When the US Army reached Baghdad in a two-week blitz faster than anything Heinz Guderian ever dreamed of, it nearly pushed the system to the breaking point:
The first official army history of the Iraq war reveals that United States forces were plagued by supply shortages, radios that could not reach far-flung troops and virtually no reliable intelligence on how Saddam Hussein would defend Baghdad.
While it is well known that many army units ran low on fuel and water as fast-moving armoured forces raced towards the Iraqi capital, the study offers vivid new details of a supply system nearing collapse.
Tank engines sat on warehouse shelves in Kuwait with no truck drivers to carry them north. Broken-down trucks were scavenged for usable parts and left by the roadside. Artillery units cannibalised parts from captured Iraqi guns to keep their howitzers operating.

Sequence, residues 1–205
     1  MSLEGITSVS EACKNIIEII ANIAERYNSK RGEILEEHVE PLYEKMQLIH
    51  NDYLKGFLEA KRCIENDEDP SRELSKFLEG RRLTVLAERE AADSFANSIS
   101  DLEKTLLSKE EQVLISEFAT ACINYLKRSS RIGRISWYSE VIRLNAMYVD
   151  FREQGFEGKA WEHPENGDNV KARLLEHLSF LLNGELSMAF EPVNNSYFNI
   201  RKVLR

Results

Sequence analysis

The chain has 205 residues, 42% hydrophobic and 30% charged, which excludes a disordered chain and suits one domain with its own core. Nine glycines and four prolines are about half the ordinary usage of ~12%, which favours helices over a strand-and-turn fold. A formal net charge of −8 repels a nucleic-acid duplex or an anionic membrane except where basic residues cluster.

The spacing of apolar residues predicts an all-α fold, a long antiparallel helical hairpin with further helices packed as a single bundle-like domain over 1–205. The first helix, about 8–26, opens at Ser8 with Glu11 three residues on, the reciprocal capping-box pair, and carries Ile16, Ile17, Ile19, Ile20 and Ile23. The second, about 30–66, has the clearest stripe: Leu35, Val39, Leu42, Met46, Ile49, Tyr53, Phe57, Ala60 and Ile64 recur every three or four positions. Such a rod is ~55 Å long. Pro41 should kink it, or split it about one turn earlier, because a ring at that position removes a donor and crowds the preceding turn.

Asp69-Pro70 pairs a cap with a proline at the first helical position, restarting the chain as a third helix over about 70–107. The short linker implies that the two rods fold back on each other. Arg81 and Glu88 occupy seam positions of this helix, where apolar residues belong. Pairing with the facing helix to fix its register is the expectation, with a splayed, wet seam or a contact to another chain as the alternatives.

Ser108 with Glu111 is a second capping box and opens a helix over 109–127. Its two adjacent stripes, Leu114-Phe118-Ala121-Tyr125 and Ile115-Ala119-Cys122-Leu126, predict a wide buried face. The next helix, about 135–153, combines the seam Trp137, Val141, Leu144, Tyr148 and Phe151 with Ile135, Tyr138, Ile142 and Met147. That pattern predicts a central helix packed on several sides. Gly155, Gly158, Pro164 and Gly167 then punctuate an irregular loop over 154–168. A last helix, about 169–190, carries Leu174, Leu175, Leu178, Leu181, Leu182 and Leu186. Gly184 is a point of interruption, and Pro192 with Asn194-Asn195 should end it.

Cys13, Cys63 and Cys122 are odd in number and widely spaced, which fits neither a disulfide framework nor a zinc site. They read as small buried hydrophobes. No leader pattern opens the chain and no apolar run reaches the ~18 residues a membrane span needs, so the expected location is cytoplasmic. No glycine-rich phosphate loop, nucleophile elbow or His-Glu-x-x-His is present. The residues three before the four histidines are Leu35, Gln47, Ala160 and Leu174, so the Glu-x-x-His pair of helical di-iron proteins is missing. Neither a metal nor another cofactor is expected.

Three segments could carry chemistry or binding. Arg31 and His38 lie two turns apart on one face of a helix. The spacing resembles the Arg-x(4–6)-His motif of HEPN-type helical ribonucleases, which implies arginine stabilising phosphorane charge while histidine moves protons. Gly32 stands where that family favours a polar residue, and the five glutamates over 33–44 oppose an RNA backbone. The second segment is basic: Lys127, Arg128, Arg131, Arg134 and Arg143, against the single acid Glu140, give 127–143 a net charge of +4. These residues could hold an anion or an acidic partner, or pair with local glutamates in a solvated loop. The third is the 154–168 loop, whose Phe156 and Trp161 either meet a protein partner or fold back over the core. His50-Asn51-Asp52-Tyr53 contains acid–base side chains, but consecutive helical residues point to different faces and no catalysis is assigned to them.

In most cases, soldiers improvised solutions to keep the offensive rolling.
That’s from an NYT story found at Australia’s SMH site, and I suggest you read the whole thing.
The original plan for the Iraq War called for a six-month campaign, on three axes of advance. Three became two, and six months turned into three weeks. It’s no wonder the supply system couldn’t keep up — a problem even under ideal, completely-planned-for circumstances.
The story also helps prove the aphorism that “wars aren’t won by the most competent army, but by the least incompetent.”